Storytelling – An effective fund manager meeting (from the perspective of a fund manager) is an exercise in storytelling. It is designed to make us focus on the inside view at the expense of the outside view – that is to concentrate on the specifics of the fund manager in question, not the general probabilities attached to successfully finding a skilful active fund manager. “Who cares if the odds are 1 in a 100, that was a great meeting”.

Sunk costs – In a fund manager due diligence process, we must always be aware of the impact of sunk costs. Turning back or changing our minds after so many hours spent in meetings is a difficult thing to justify to ourselves and others.

Front stage / back stage – One approach some fund selectors take when assessing a fund manager is to observe team meetings to see how interactions take place and decisions are made first hand. This is viewed with scepticism by many who argue that if a team are being watched then it is not a genuine interaction. Yet these same critics are often happy to sit in a standard fund manager meeting, which is surely more artificial. The simple fact is that – as sociologist Erving Goffman noted – we all have a front stage and a backstage self. The waiter in a restaurant behaves differently when they are serving us to when they are in the kitchen. All fund manager meetings are performative, and we will never know the true functioning of a team unless we work at the organisation.

Management of self – It is not just the fund manager that performs in a meeting, it is the fund selector also. They might be in awe of the fund manager, who will often have more money and power than they do. They might even be in the meeting alongside their own boss or client. The temptation is often strong to ask questions that might reflect well on them, rather than those that help make a good decision. ‘Intelligent’ but empty questions are easily favoured over ‘simple’ but searching ones.  

A problem for other people – There is one overarching factor that amplifies the damage caused by behavioural issues and that is our ingrained belief that they don’t affect us: “Other people? Maybe. But they have never influenced my decisions.” Until we accept that they do, it will continue to undermine the effectiveness of fund manager meetings.

The regard in which fund manager meetings are held is such that I have never heard any reasonable alternatives proposed, indeed suggesting such things might be regarded as heresy. But let’s try.

How about instead of a face-to-face meeting with a fund manager, we reserve time with them and ask them to respond to a set of bespoke questions by hand. They have to do it themselves and on their own. If we were assessing a group of fund managers, we could even blind the responses.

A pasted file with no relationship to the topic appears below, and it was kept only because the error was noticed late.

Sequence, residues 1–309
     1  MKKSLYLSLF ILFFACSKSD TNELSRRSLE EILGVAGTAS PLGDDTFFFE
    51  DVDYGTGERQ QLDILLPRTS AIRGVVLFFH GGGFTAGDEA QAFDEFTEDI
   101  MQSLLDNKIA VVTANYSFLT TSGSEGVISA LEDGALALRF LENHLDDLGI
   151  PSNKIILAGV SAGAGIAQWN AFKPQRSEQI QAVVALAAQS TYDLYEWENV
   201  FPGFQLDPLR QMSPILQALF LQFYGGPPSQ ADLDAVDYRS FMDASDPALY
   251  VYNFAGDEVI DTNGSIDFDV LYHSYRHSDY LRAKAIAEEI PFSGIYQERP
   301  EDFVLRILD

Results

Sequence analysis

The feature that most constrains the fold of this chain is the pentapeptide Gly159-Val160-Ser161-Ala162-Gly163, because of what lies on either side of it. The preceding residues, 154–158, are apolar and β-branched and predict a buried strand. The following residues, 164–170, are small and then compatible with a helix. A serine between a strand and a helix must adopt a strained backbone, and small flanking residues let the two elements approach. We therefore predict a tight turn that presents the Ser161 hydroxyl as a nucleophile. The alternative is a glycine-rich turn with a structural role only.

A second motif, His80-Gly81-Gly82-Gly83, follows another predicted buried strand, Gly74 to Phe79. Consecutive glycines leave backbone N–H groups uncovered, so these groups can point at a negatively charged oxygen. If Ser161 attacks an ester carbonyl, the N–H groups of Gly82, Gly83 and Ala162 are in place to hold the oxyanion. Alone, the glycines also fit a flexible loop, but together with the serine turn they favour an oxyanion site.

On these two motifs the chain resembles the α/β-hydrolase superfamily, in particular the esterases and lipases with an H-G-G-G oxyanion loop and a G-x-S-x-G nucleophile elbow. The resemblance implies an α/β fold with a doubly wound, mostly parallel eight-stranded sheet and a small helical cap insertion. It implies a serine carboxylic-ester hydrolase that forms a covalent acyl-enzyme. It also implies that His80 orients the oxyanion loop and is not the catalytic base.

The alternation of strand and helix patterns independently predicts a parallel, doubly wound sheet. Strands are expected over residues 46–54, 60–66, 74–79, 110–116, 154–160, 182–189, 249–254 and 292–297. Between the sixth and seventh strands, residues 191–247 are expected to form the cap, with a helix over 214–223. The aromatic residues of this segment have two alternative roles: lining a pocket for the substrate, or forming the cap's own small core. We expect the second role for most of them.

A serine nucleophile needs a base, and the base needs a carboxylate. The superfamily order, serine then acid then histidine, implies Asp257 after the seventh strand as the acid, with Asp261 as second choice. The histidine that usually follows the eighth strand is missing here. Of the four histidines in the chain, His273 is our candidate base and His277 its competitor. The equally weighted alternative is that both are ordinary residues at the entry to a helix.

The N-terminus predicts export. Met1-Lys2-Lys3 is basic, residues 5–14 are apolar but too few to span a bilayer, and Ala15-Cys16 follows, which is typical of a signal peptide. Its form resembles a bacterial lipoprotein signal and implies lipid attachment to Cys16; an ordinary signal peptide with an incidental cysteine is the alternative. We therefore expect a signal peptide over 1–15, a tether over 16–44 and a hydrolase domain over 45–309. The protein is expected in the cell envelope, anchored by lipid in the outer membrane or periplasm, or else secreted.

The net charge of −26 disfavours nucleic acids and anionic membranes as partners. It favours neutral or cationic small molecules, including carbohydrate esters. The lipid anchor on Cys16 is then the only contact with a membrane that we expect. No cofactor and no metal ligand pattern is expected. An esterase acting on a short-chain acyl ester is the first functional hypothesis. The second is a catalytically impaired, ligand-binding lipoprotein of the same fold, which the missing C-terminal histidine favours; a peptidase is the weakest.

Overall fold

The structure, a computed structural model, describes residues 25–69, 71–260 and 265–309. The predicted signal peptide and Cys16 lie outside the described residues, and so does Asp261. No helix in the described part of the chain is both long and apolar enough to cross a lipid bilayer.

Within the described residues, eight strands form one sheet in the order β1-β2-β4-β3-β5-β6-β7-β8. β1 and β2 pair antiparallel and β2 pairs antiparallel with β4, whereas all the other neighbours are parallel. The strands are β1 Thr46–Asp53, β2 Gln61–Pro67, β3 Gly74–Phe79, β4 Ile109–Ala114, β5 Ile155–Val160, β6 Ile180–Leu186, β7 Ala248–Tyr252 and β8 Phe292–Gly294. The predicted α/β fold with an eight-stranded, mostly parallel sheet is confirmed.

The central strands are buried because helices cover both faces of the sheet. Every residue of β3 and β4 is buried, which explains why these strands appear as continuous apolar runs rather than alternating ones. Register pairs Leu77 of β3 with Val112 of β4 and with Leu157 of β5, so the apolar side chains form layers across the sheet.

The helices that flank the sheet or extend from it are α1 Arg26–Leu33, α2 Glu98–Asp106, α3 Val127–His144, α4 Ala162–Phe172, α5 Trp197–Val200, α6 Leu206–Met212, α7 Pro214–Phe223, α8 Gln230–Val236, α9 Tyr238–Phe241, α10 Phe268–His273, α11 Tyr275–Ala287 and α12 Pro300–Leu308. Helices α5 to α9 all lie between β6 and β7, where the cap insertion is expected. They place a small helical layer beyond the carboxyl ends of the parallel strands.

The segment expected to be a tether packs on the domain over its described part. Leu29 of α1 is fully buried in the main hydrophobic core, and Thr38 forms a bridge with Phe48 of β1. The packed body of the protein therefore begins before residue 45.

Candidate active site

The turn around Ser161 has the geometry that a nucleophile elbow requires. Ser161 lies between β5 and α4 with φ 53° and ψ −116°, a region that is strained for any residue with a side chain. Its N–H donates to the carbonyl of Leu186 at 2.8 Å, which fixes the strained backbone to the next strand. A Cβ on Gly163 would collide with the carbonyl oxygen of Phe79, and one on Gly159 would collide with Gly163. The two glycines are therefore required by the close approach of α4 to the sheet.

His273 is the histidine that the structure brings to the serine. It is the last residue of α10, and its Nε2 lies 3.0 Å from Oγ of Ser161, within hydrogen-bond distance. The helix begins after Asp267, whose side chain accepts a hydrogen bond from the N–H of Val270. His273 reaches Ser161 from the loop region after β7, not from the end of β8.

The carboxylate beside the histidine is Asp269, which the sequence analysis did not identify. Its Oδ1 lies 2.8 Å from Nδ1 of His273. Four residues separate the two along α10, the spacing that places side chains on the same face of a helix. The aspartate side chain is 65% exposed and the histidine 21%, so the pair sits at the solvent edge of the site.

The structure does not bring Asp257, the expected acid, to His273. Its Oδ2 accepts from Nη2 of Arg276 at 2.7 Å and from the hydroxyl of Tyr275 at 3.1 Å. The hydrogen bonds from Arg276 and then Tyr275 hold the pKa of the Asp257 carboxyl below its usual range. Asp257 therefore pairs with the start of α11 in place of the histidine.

I can hear the howls of protest about the loss inherent in such a method. There has, however, been such little progress in this area nor acknowledgement of the behavioural pitfalls of the current approach that fresh ideas are needed.

One less controversial method to help enhance the value of fund manager meetings is simply for fund investors to be clear about what it is they care about. It is so easy to become lost in a sea of noise. The most effective way to alight on this is to ask ourselves – if I could only know ten things about a fund manager before investing with them, what would they be?

It is not simple to define, but can lead to a much sharper focus. Having an agenda is not enough, we need to be trained on what matters and why.

Would I want to invest money without meeting a manager? Probably not, but perhaps it is just because I have been conditioned to believe it is essential. What is critical is that fund manager meetings are based on evidence pertaining to the factors that we believe are important. We should also always be underweighting what is said and overweighting what is done.

Are fund manager meetings a waste of time? No. Is it a waste of time or worse if we don’t acknowledge or deal with the behavioural biases that we carry with us into those meetings? Almost certainly.

My first book has just been published! The Intelligent Fund Investor explores the beliefs and behaviours that lead investors astray, and shows how we can make better decisions. You can get a copy here (UK) or here (US).